NHS Social Care and Frontline Workers' Day
Freemasons take the lead role in NHS Frontline Workers’ Day
The inaugural celebration of NHS, Social Care and Frontline Workers’ Day is set to take place on 5 July 2021, with Freemasons leading the event.
The United Grand Lodge of England (UGLE), the governing body for Freemasons, is inviting its 200,000 members to fly specially designed flags at 10am on 5 July, to celebrate this unique day dedicated to the NHS, social care and all those that work on the front line, who have saved so many lives during the pandemic. The celebration will also remember those workers we sadly lost.
The UGLE is one of the core supporters of the event alongside the Cadet Forces, English Heritage and the Women’s Institute. A £5 donation from every flag and length of bunting made will be equally divided between NHS Charities Together and the National Care Association.
Freemasonry for Women and the Order of Women Freemasons have also joined the UGLE in this initiative, as Freemasons aim to set a record for the number of flags raised simultaneously across the nation.
Subsequently, at 11am, Freemasons are planning a moment’s silence to remember NHS workers and all those who died from Covid-19. The day continues with a toast to the NHS at 1pm, raising a cuppa to the NHS during afternoon tea at 3pm, followed by an address to the nation at 6pm.
At 8pm, the Freemasons will join the nation in an evening clap for NHS workers, while church bells are set to ring 73 times to celebrate 73 years of the NHS. Closing the celebrations at 9pm, there will be a #timetotoast for all NHS workers.
So far, nearly 37 Lodges and Provinces have made a commitment to the raising of the flag and other elements of the day. In addition, Northumberland Freemason, Nicholas Deakin, is hosting a special live streaming theatre show from the Tyne Theatre & Opera House with compere, comics, singers, reading, video footage and messages of support to raise money on the day.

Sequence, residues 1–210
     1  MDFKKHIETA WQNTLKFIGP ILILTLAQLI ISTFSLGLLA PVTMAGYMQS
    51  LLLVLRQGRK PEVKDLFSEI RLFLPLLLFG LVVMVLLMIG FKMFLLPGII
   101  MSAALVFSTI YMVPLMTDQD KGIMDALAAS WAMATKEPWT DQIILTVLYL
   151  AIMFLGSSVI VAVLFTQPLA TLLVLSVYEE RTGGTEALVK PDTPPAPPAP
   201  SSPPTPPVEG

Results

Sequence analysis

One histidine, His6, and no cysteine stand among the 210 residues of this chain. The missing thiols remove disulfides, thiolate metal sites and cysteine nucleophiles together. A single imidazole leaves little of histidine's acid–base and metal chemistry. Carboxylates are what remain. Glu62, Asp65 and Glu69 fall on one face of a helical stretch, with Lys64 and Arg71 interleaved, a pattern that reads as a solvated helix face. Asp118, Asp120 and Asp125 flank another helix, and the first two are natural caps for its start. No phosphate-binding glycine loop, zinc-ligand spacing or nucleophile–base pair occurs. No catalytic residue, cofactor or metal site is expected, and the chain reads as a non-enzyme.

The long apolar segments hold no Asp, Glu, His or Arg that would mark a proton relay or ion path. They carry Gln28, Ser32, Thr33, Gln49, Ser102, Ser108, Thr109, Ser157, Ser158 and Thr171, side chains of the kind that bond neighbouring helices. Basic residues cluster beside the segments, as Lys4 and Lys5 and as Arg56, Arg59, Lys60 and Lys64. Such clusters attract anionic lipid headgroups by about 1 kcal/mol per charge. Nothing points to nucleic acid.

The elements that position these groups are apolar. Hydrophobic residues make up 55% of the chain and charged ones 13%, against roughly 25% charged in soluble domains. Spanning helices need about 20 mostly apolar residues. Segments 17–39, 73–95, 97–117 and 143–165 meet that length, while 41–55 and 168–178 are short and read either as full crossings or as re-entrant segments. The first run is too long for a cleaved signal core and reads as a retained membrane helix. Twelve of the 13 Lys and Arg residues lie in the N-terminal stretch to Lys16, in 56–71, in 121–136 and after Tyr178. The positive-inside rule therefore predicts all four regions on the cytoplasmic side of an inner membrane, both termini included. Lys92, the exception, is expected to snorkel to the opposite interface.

Bruno Peek, pageant master to the Queen and creator of NHS, Social Care and Frontline Workers Day, said: “We are delighted that Freemasons, whose members come from all walks of life, are playing such a high profile and active role to start this special day of celebration and commemoration of those within the NHS, Social Care and on the Frontline who undertake so much for us all, 24 hours a day, seven days a week and fifty-two weeks a year, without any thought of their own safety.”
In addition, Dr David Staples, chief executive of the UGLE, and a Consultant in Acute Internal Medicine at Peterborough Hospital, said: “We are facing the greatest global pandemic in living memory, and the NHS has never been so tested in its history. Its staff have been stretched beyond comprehension over the last year and they deserve our gratitude, our applause and all the support we can give.
We are encouraging not only our 200,000 members but the entire population to celebrate the day honouring and remembering the NHS workers with a complete programme of events on 5 July.”
Since the beginning of the Covid-19 pandemic, Freemasons have been supporting the NHS in a great many different ways. They have donated more than £2.5m so far to the Covid effort and complete 18.5 million hours of volunteering to help those in need each year. The donation is being used to help with food, personal protective equipment (PPE), supplements for hospitals and hospices, funds for NHS workers and ambulances.
Freemasons have also offered their Lodges as bases to administer vital vaccinations. In Hertfordshire, for example, Halsey Hall is being used as a vaccination centre, supporting three local GP surgeries. The centre has been operational since 15 January and once fully scaled up, there will be up to 1,000 vaccinations given there each day.
Meanwhile, Freemasons are rising to the challenge to provide essential PPE to protect the vulnerable and the NHS. Thousands of visors have already been produced, with several businesses adapting their production lines to meet demand. In Norwich, for example, Colin Breckons has been making face shields with his company’s 3D printers – and giving them away free to the NHS and other key workers.